We then create several small-scale preliminary design solutions. This has a dual purpose: On one hand, we have concrete designs to show clients to generate feedback, and, on the other hand, it starts setting the style we’ll carry through to additional pages or screens as we complete the project.

The really exciting part is receiving feedback from the client regarding which design—or, often, combination of designs—best captures their vision. Of course, we love it when the client says we nailed it on the first try. But we also love how our design solutions inspire clients to come up with additional ideas that enhance our creativity. While heavy two-way communication is ongoing throughout the process, this is the point that is most interactive and requires not just good but great communication with the client.

After some tweaking and fine-tuning, the client signs off on the design and we extend the approved design to all of the pages or screens the client needs. This, of course, creates another approval round, which is that last step before we hand over the design to the developers. Even after the official handoff, we stay engaged—making sure the developers have everything they need, answering questions and verifying that the developers are executing on the client’s vision, including delivering an impeccable UX.

SJ: You make it sound easy.

LB: Well, straightforward and easy aren’t the same thing. There’s a tremendous amount of work and collaboration, internally and with clients, that goes on related to each of those steps. But, regardless of how much effort it is on our end, our job is to make it as easy as possible for clients.

I should also add that the outline I gave is a general one. There are specific steps we take depending on whether we’re designing a website or an app. The client, size and complexity of the assignment also are factors in our specific approach.

SJ: You mentioned earlier that you give developers everything they need. What do you mean by that?

LB: Our goal is to enable the developers to focus exclusively on development. We don’t want them hunting for items such as icons or fonts, or graphics or branding elements. We have everything ready for their use to minimize the time they spend on non-development issues. This is an efficiency move that also reduces the time and cost of development, which tends to be more expensive than design, and keeps the developers from improvising because they don’t have an element they need, which also eliminates the frustration of clients seeing something unexpected in a website or app.

SJ: So, where does attention to the UX fit in?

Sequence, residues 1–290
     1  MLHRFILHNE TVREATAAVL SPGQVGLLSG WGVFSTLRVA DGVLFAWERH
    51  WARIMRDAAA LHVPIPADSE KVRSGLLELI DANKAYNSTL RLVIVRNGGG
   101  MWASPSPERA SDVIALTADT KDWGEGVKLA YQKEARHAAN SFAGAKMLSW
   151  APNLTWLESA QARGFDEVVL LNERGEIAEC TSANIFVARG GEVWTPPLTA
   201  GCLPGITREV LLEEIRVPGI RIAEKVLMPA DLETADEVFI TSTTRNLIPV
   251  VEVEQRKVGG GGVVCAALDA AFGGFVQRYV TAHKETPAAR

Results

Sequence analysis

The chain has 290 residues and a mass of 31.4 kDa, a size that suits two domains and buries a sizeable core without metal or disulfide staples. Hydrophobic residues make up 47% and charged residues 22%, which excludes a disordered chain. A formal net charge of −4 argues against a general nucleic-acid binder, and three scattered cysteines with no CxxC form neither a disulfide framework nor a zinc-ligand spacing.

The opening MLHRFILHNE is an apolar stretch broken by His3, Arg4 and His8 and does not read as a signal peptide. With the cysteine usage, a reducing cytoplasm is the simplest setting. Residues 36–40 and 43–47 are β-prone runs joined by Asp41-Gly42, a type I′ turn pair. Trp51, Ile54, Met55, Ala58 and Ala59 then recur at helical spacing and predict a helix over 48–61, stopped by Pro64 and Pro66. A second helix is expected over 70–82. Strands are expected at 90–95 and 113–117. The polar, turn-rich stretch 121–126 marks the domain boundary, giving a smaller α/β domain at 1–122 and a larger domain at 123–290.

LB: Attention to UX is baked into every step of the design process, because we are true believers that you can’t have a great website or app without superior UX. Consumers and business customers are too sophisticated and too busy to put up with a poorly designed user journey that require more than the minimum time and effort investment. We aim for simplicity and clear and clean design, and back that up with attention to detail and rigorous testing.

Seriously, hitting one bump in the user journey can cause users to walk away—that is, abandon the website or app or go to another provider. We don’t want just visitors to our clients’ sites and apps; we want to help our clients build loyal customer bases. And, we believe great UX is a major factor in achieving that.

Once we turn the design solution over to the developers, we’re watching them closely to ensure they protect the UX also.

SJ: How does having a design team work to a client’s advantage?

LB: Each project we undertake is assigned a dedicated designer, so the client has a point person who is responsible for the project and is the primary communicator during the design phase. But, the dedicated designer can call on the resources and strengths of his or her Softjourn colleagues.

As designers, we all have strengths and unique experiences, so if—for example—a client’s project would be enhanced by a type of original illustration in which a colleague is particularly gifted, we’d bring that person into the project to create those illustrations.

The great part is we have this depth of talent in-house, so we can access the talent quickly and without third-party markups. And, for us, as designers, it’s inspiring to work in a collegial environment, which contributes to delivering a better experience and end product for our clients.

SJ: Design is subjective. How can a potential client feel comfortable that your design aesthetic is compatible with its own? Or, maybe, how can a potential client understand your range?

LB: The best way to judge what we’re able to do for a client is by examining what we’ve accomplished for others. We have a substantial portfolio of sites and apps that we can share, along with the parameters the clients gave us to work within. In addition, we appreciate seeing designs that clients really like or dislike, as a jumping off point to discuss our capabilities. Finally, we encourage potential clients to ask us their toughest questions. We want to know their aspirations and their doubts.

We’ll answer openly and honestly, because as I’ve said before, the best relationships are based on great communication.